When you reach the end of Arrested Development's season 4 finale, there's a certain feeling of, "Wow, that's it?"
It's a frustrating ending for many reasons. There's no resolution to the George Michael/Michael estrangement that's been a centerpiece of the season. The Lucille Austero mystery, late-arriving as it was, doesn't get solved. And hell, it doesn't feel like much of an ending at all -- it's like the season just stops. There's a lack of resolution that kind of makes the whole thing empty.
But, those reasonable criticisms aside, it's also kind of a bold move. When you think about it, Arrested Development's fourth season could have been a hug-filled nostalgia fest with a happy ending and a message about family. But then, I suppose, what would the Bluths have left to learn? "Blockheads" was an episode that promises -- swears, even -- that there's going to be a follow-up, whether it's in the form of fifth season or a movie. But to end the episode in that way, with a rather heartbreaking punch in the face, is a rather courageous move.
Think about it this way: if this had been the cliffhanger for the show's second season, I wouldn't have been that mad. The only way to approach "Blockheads" is to assume that there's going to be more Arrested Development. It's still not entirely satisfying even then, but it at least takes away some of the bitter aftertaste.
I'll have a review of the entire season up tomorrow, but it's that cliffhanger that's going to have people talking. In the meanwhile, disregarding the episode's final five minutes, "Blockheads" actually showed some real character growth from George Michael -- though, again, with no real ending point. Though he had fallen into his family's ways of lying -- and lying surprisingly well, in a well-done voicemail war with his father that we'd glimpsed earlier (though sometimes it takes him a hilariously long time to generate lies) -- he finally made the decision to man up and take responsibility. That wasn't fully realized -- yes, he made a commitment to Rebel, but she still thinks he's George Maharis -- yes, he admitted to being George Maharis, but is continuing with the Faceblock lie. He's making progress into becoming a responsible, respectable human being, but he's not there yet.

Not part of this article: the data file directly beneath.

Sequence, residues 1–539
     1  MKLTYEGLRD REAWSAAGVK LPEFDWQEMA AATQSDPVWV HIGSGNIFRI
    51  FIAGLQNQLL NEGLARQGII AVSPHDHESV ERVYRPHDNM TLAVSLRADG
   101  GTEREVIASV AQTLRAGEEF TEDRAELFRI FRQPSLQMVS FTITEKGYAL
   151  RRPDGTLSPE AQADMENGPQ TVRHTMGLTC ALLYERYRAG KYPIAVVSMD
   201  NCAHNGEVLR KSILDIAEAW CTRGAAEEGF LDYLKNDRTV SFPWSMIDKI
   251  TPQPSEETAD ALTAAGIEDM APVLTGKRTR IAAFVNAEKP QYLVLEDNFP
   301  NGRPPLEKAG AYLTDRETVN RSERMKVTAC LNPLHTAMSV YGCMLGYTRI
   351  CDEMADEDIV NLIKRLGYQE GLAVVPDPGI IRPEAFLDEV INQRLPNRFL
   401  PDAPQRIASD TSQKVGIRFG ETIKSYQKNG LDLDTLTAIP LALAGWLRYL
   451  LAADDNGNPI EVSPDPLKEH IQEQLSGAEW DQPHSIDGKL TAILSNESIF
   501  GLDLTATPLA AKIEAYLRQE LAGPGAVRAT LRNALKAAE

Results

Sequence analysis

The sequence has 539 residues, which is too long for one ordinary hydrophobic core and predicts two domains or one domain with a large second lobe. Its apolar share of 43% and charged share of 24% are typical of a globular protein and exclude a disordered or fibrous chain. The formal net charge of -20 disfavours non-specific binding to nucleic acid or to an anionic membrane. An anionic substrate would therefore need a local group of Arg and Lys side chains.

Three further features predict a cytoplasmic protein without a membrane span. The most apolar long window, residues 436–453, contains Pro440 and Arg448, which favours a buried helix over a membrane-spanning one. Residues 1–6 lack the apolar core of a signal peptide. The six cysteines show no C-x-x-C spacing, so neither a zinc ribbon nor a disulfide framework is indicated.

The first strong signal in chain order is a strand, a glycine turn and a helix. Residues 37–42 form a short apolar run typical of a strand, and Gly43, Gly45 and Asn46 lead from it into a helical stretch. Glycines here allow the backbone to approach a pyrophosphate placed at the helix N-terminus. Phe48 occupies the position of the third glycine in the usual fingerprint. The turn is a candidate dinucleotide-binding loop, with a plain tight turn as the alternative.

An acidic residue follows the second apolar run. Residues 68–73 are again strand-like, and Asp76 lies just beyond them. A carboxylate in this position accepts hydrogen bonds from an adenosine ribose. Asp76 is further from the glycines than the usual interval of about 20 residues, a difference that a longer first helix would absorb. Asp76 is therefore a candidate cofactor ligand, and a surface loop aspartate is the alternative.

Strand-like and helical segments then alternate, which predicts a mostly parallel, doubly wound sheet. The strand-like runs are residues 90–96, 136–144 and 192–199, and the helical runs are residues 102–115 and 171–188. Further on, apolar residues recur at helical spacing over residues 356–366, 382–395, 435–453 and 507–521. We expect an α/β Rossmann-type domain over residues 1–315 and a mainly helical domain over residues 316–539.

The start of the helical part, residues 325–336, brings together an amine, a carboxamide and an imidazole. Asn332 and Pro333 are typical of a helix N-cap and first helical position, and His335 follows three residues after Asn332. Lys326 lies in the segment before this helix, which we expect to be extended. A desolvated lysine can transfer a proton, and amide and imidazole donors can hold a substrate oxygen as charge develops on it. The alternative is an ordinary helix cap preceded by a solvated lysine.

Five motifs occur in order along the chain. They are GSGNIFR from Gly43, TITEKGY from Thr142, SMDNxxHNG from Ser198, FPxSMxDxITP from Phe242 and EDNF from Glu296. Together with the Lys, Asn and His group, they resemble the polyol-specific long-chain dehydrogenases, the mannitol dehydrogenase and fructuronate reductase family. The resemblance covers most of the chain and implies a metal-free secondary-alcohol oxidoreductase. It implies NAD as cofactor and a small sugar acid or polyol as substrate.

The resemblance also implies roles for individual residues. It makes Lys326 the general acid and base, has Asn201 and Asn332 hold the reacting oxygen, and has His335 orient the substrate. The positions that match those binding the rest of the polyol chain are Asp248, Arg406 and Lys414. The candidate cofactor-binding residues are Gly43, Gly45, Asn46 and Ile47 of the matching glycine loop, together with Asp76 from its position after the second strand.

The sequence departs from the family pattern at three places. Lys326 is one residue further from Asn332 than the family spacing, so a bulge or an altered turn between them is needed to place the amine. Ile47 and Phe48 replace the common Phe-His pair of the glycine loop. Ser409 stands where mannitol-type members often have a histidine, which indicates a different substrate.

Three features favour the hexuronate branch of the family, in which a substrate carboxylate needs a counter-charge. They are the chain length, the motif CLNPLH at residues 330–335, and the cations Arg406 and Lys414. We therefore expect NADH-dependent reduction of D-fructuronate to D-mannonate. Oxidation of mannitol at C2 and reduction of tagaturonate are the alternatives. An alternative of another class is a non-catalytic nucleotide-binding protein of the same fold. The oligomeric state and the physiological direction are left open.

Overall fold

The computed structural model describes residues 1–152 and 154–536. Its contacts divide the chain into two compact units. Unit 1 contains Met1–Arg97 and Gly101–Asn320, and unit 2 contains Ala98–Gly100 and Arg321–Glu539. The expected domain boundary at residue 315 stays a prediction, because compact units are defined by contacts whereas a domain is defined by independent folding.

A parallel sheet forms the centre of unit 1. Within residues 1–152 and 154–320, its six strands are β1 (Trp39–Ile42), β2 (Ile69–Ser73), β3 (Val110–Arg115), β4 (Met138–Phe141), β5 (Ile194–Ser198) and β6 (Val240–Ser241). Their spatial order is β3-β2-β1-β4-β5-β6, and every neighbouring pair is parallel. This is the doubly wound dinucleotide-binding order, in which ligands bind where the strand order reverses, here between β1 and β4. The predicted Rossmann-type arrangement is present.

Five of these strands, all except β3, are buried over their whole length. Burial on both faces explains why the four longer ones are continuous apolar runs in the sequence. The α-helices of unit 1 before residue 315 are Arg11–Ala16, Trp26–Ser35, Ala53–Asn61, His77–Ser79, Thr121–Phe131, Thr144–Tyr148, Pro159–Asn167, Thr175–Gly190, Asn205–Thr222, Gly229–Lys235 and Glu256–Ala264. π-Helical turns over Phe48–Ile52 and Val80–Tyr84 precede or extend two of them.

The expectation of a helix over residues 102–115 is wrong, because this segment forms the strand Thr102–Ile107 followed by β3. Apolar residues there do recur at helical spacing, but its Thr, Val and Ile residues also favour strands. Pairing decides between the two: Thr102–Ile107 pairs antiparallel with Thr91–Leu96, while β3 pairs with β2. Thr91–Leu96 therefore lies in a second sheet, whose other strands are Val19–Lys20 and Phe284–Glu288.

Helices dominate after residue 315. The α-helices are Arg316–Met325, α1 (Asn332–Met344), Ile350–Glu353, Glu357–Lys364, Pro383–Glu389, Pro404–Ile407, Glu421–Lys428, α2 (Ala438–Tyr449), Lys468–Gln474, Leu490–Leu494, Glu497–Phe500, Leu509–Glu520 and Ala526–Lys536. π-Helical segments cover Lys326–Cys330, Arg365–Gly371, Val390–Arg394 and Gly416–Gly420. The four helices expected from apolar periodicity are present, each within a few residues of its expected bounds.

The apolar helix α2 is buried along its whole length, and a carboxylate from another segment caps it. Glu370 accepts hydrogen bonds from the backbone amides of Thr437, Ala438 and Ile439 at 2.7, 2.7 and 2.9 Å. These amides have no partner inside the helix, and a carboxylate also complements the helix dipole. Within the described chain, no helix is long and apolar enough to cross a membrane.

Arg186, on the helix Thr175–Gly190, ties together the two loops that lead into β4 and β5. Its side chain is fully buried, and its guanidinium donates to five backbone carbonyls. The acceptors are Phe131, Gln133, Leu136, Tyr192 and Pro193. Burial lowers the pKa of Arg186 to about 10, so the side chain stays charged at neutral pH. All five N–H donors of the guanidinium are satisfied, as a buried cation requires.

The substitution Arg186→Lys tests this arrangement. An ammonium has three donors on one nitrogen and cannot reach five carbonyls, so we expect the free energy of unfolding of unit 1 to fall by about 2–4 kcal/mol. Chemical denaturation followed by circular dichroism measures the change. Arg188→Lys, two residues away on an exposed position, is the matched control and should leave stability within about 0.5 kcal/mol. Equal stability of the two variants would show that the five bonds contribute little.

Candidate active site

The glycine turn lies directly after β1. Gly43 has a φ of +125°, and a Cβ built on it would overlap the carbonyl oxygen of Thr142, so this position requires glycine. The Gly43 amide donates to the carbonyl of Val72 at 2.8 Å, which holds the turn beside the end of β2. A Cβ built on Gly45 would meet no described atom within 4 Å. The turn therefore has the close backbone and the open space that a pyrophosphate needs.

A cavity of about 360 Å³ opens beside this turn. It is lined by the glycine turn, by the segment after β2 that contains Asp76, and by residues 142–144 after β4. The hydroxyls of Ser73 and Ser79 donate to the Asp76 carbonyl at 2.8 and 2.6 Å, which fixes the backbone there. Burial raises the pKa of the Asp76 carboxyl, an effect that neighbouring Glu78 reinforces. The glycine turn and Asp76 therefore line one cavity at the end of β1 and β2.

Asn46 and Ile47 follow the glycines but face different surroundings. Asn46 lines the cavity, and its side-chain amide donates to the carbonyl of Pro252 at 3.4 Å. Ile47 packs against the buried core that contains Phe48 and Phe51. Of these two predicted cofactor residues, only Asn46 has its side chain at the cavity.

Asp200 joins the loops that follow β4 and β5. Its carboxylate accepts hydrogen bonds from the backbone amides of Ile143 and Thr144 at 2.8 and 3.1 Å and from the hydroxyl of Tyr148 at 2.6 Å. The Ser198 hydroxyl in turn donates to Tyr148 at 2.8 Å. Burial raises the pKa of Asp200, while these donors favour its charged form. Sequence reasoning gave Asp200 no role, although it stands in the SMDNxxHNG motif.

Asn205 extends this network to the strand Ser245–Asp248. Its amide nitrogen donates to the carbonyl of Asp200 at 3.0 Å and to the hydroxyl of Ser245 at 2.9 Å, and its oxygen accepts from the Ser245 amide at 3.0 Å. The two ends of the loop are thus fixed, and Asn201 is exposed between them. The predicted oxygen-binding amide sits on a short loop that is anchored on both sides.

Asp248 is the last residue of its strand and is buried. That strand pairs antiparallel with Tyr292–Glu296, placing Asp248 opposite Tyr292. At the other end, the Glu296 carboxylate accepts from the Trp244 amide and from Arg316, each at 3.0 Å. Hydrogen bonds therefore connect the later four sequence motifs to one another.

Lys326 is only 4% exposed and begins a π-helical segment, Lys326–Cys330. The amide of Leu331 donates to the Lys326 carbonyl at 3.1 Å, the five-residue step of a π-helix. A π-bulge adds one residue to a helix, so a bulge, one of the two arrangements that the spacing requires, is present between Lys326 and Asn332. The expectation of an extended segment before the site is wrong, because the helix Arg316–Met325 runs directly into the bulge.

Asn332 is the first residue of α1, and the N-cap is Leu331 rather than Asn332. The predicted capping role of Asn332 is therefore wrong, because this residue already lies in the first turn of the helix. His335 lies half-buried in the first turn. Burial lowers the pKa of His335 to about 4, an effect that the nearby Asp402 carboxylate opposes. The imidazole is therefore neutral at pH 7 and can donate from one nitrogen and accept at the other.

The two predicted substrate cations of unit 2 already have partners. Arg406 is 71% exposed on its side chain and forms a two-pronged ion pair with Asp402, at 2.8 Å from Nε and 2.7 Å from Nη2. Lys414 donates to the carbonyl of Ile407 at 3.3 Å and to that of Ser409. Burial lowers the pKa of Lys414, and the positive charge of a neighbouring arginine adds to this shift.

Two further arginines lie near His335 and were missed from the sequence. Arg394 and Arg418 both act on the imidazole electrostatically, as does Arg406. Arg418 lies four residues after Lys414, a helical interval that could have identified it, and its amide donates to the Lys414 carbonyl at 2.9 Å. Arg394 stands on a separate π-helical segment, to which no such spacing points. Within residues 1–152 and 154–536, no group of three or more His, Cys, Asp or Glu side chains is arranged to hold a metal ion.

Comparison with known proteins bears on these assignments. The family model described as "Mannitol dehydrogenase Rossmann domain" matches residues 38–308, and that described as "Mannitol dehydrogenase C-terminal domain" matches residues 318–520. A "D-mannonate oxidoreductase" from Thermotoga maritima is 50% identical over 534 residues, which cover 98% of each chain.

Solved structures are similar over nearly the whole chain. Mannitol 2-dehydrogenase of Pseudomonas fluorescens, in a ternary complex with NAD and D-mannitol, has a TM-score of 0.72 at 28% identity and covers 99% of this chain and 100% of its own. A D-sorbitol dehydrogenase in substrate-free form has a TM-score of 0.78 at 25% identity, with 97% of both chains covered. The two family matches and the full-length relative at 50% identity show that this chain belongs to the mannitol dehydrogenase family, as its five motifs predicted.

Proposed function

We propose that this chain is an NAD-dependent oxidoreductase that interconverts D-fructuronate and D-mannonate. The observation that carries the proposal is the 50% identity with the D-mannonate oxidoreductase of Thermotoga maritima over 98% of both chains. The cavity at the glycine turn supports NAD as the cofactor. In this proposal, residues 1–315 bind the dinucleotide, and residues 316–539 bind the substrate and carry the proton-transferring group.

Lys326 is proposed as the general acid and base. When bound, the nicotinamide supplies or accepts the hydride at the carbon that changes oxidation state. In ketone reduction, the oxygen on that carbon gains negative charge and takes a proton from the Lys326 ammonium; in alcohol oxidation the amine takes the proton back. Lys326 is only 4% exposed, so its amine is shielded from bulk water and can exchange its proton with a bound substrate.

Michael Cera was great in this episode, though. It's kind of gratifying to see George Michael as autonomous, but still with some of his childhood characteristics (his debates with himself over grammar were hilarious). Accidentally slapping the picture off the wall was another piece of well-choreographed slapstick.
And, you know what? I'll go ahead and say it: Michael had that punch coming. He deserved it; maybe it'll knock some sense into him.
I'll have my full thoughts up about the season tomorrow, but some final words about "Blockhead:"
-- The Anonymous joke just wasn't done well. For the first time this season, the setup didn't match the payoff (though both weren't great).
-- John Beard even had an arc this season -- now we know why he was declaring "I quit!" He works for Ron Howard now!
-- I did like the bit where Ron Howard congratulates Rebel on knowing the Wright Brothers had a bike shop.
-- The recurring joke using "The Sound of Silence" surprisingly didn't get old -- I laughed both times it was used in the episode. It's so perfectly melodramatic, and fits Gob just too well. One of the best new gags introduced this season, I think.